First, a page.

André Watts 1946-2023

July 17, 2023
André Watts made his debut at age 16 with the New York Philharmonic.

The American pianist André Watts died on July 12, age 77, in Bloomington, Indiana. The cause was prostate cancer, which he was diagnosed with in 2016.

The son of a Hungarian pianist mother and a black American G.I. father, Watts was taught by his mother from age 4. He famously made his professional debut at age 16 performing Liszt’s Piano Concerto No. 1 in a live 1963 New York Philharmonic Young People’s concert conducted by Leonard Bernstein. Two weeks later he subbed for an ailing Glenn Gould performing the same work at Philharmonic subscription concerts.

He studied at the Peabody Institute in Baltimore part-time for a Bachelor of Music degree with pianist Leon Fleisher. But by then Watts was already enjoying a flourishing international career, which continued nearly to the end of his life.

The pianist made relatively few recordings and similarly limited his concerto appearances to, apart from a couple Mozart concertos, a handful of Romantic works: Liszt 1, Saint-Saëns 2, Beethoven 4 and 5, Brahms 2 and Rachmaninoff 2 and the Rhapsody.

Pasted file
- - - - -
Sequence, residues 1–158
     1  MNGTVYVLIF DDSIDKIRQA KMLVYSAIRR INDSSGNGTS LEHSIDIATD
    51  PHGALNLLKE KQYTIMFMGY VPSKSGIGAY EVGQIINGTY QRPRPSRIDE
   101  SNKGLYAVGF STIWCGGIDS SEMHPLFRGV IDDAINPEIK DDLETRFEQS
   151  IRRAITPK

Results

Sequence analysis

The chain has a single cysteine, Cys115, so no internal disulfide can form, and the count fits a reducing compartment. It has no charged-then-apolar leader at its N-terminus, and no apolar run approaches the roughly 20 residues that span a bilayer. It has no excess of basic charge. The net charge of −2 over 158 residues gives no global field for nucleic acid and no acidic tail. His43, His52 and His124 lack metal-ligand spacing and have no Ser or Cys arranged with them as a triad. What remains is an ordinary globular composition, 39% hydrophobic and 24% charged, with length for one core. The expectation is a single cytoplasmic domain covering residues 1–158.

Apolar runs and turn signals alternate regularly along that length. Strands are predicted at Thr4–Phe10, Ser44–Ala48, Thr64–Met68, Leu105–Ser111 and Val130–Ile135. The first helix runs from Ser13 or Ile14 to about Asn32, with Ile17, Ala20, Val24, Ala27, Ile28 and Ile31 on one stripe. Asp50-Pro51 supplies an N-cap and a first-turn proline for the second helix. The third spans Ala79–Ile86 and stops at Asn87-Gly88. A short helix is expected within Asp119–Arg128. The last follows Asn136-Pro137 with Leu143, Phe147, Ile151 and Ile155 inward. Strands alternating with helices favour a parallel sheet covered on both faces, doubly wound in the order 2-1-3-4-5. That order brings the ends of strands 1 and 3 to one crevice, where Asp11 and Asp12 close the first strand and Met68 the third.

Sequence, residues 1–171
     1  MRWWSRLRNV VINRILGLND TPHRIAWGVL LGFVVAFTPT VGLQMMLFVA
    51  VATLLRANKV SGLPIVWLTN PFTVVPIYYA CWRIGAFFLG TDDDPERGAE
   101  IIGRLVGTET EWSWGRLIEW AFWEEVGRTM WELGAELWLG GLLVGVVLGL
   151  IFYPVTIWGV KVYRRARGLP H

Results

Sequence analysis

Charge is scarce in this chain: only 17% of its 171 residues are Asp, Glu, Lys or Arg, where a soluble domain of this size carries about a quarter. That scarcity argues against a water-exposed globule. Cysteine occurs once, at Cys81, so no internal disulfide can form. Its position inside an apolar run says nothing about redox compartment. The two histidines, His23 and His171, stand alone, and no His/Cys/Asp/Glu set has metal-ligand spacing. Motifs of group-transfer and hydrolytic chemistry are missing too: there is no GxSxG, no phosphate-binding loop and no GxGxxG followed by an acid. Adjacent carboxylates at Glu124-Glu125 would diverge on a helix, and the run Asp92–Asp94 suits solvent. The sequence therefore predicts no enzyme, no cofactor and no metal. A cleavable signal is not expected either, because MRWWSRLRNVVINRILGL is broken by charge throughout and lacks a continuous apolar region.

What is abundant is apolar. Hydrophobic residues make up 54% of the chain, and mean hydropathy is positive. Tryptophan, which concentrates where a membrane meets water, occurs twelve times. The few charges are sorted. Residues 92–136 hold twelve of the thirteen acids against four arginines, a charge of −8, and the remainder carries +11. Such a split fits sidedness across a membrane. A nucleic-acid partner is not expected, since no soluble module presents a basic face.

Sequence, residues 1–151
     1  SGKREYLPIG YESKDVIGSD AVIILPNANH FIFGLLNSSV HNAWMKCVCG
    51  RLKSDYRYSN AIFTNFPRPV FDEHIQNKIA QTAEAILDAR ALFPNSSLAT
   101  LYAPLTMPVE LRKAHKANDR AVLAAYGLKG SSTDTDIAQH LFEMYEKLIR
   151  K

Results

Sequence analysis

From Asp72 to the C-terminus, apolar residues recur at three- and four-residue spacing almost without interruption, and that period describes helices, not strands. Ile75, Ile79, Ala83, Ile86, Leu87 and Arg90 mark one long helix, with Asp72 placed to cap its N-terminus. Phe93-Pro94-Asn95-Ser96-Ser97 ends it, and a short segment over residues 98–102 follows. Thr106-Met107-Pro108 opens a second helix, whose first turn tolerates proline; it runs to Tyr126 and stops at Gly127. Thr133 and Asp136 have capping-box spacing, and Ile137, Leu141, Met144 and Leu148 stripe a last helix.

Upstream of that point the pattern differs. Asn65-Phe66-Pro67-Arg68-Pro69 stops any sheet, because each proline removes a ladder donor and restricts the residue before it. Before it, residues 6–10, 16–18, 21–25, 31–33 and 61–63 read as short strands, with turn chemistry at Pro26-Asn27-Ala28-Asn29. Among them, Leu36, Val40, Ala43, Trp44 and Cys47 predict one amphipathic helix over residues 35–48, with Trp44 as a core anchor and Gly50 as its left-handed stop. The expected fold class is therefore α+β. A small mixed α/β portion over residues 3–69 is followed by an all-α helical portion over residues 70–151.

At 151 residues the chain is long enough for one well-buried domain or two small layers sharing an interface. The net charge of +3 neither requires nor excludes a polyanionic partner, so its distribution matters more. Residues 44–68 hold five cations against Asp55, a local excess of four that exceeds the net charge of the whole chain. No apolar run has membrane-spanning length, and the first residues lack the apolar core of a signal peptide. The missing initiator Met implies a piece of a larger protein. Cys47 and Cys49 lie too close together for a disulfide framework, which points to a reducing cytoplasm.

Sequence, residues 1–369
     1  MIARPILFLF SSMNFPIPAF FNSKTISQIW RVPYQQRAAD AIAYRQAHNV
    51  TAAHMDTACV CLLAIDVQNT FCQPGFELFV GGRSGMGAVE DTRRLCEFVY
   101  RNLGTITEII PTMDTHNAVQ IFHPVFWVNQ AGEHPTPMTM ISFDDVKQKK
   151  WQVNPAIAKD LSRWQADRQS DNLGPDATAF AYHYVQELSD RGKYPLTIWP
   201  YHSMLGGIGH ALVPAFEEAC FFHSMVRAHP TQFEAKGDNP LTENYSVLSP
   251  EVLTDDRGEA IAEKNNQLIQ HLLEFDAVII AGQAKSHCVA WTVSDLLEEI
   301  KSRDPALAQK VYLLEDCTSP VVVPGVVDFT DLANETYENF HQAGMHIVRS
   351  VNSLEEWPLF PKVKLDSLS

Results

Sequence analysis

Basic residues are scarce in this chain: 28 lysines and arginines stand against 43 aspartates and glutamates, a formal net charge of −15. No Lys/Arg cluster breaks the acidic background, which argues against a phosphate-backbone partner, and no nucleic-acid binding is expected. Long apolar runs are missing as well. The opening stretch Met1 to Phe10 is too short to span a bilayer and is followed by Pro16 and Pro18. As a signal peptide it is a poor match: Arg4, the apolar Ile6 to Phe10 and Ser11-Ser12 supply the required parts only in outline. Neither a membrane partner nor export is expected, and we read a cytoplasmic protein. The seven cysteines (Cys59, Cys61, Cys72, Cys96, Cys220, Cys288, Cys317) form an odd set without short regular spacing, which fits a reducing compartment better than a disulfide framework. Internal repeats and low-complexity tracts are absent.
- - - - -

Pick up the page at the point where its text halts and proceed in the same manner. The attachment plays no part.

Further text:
While his repertoire was not vast, a live Watts performance invariably offered a special evening. Even at age 16 and in a potboiler like the Liszt E flat, his individual blend of bristling virtuosity allied to a singing, poetic sensibility was already manifest.

Watts was an annual, hugely popular visitor at Ravinia for four decades, and local concertgoers will have their own favorite musical memories. A performance of Rachmaninoff’s Piano Concerto No. 2 with James Levine conducting the CSO in the 1980s remains in the memory for thrilling bravura aligned to expressive depth. The pianist rendered the Adagio with a tonal subtlety and sensitivity of phrasing and hues that has never been equaled.

Watts is survived by his wife Joan Brand and two stepchildren.

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